Hip-Hop Heads Project
I attempted to recreate the most notable Hip-Hop personalities’ looks with their signature accessories. One of the first pieces I bought was the MF Doom gladiator mask off of eBay. I scooped it up right away when I saw it online. Once I found Malissa, I went everywhere, purchasing stuff from eBay, Amazon, Party City, the indoor mall, and anywhere else. Mars Blackmon is the only non-rapper in the set, but I included him as I thought Spike Lee’s character had a prominent role in Hip-Hop culture. All of the personalities were shot in one day, in one long shoot to keep all the photos consistent. We shot over 30 looks. “Hip-Hop Heads Project” was published as a book and we had a gallery for it alongside our “Greatest Hits Album” Art Show. I matched lyrics of each artist explaining their accessories and details of the rappers’ origins.
From Adidas shell toes to shutter shades, the Hip-Hop attitude is about being bold, standing out from the crowd. The Master of Ceremonies, the MC, especially made himself known both in sound and in sight.
For some MCs, their style wasn’t a trend, but their trademark. LL Cool J always sported his Kangol Bermuda Casual bucket hat, whenever, wherever. The style of hat had become so synonymous with LL that Kool Moe Dee used one on the cover of his diss single, “How Ya Like Me Now,” with the wheels of a jeep running over the iconic hat. Run-D.M.C. rapped about their favorite sneakers in “My Adidas.” The members were never seen without a pair on which led to a sponsorship from the brand with the three stripes itself.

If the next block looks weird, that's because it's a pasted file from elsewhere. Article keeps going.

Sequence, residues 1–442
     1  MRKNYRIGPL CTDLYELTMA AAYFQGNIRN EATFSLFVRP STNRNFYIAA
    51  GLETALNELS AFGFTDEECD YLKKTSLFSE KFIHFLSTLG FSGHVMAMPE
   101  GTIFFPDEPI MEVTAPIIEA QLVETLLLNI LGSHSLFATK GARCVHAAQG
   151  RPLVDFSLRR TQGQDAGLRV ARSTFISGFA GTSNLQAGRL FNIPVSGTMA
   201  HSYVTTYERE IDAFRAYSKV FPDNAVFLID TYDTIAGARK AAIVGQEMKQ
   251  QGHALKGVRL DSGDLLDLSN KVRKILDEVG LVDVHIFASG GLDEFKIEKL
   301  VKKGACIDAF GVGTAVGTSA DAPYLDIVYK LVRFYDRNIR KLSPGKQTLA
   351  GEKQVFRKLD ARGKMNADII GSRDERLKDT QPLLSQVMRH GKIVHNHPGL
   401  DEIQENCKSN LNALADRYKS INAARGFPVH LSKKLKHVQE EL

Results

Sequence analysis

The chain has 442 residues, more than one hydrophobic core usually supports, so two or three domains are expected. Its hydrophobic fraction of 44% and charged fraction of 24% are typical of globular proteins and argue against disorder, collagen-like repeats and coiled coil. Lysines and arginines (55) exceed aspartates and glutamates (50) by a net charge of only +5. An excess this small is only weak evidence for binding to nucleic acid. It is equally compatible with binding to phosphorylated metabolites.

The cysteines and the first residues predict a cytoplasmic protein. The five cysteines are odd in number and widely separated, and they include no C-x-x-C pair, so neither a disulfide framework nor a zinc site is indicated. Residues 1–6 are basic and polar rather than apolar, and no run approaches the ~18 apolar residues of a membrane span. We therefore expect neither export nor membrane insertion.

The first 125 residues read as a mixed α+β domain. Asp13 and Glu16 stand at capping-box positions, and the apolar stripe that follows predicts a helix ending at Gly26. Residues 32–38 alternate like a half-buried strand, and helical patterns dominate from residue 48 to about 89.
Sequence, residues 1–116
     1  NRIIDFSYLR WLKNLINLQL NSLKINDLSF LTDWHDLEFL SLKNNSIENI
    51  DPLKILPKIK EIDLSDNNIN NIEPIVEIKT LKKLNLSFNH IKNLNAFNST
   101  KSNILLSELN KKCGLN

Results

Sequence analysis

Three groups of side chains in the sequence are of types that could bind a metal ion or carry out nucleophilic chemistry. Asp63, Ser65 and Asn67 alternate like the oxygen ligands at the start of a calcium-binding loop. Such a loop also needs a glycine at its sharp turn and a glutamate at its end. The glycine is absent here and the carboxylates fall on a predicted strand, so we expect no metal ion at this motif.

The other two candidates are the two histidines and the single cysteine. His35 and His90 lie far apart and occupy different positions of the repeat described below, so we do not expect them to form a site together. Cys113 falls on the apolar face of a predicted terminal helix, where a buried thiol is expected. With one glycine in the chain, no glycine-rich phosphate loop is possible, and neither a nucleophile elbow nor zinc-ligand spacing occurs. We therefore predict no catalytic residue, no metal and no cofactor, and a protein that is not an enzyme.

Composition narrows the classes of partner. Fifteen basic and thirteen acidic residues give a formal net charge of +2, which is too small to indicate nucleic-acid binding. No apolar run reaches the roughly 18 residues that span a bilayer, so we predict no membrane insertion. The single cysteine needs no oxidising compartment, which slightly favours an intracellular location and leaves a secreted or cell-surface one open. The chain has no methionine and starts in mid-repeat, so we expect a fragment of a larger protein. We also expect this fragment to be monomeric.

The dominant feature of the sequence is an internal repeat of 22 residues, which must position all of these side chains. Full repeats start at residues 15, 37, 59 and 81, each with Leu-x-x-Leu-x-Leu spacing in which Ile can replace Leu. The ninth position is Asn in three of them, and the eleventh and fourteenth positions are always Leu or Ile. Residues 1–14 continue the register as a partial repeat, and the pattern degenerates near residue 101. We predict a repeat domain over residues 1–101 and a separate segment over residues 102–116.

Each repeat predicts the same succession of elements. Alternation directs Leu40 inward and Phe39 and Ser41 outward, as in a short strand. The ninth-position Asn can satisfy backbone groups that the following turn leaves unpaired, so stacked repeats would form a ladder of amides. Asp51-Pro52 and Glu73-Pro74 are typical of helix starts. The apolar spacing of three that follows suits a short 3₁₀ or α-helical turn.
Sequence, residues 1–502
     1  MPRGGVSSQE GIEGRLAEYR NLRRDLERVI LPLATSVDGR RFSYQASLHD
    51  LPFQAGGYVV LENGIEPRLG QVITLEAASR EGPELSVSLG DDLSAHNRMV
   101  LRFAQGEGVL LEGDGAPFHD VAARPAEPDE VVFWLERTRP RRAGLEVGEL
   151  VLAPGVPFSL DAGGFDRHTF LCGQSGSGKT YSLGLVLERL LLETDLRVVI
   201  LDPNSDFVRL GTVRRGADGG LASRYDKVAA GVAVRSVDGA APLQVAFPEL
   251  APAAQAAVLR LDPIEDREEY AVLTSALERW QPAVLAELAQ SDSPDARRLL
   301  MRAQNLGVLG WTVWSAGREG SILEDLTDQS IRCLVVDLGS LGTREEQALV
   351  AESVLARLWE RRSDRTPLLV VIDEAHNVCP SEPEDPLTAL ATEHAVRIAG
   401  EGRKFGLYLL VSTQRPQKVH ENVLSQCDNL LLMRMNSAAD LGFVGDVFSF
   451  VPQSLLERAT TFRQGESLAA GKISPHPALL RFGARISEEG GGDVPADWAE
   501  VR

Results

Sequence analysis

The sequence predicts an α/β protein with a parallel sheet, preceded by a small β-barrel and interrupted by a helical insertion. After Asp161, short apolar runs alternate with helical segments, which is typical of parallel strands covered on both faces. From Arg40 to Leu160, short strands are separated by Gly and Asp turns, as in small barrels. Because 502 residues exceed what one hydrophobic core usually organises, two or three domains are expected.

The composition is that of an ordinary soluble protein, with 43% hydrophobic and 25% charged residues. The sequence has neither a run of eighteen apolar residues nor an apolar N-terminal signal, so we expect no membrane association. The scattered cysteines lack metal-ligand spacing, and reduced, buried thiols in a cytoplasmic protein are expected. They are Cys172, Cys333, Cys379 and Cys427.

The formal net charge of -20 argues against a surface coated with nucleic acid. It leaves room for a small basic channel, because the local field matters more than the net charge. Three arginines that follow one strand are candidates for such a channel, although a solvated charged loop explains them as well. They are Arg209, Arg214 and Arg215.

Accessories were also cultural, being part of the dress code, like Eazy-E’s black snapback hat and Loc sunglasses which was representative of South Central Los Angeles gangsters at the time. For other acts, items were a mask or a costume. A black haired rubber wig would transform rapper Kool Keith into his “Black Elvis” character. Glasses with an attached fake nose would turn Gregory Jacobs into the loveably weird Shock G a.k.a. “Humpty Hump” of Digital Underground. MF Doom (Metal Face Doom) is virtually unrecognized without his signature Gladiator mask.
Pieces also served a practical purpose such as Slick Rick’s eyepatch covering his blind right eye. Nelly’s Band-Aid was both practical and symbolic, starting off as a bandage for a basketball injury. After the wound healed, Nelly wore it in honor of fellow St. Lunatic member, City Spud, who was serving a prison sentence. Young Jeezy’s angry snowman t-shirt represented being a dope dealer on the streets. There was a raise of concern when kids started to wear copies of Jeezy’s snowman t-shirt to school, known for its dangerous drug connotation. 50 Cent’s bulletproof vest was emblematic of him being struck by nine bullets in a shooting and surviving.
Whether for style, mask, practicality, or symbolism, in SICK STAR’s “Hip-Hop Heads” project, we pay homage to some of Hip-Hop’s greatest legends and personalities by recreating looks with their iconic accessories.
“Hip-Hop Heads Project” featuring Malissa Redona, photography by imagenix. Makeup by Krystyl Hernandez. Assistant: Bri Evert. Special Thanks to Ruthless Truth.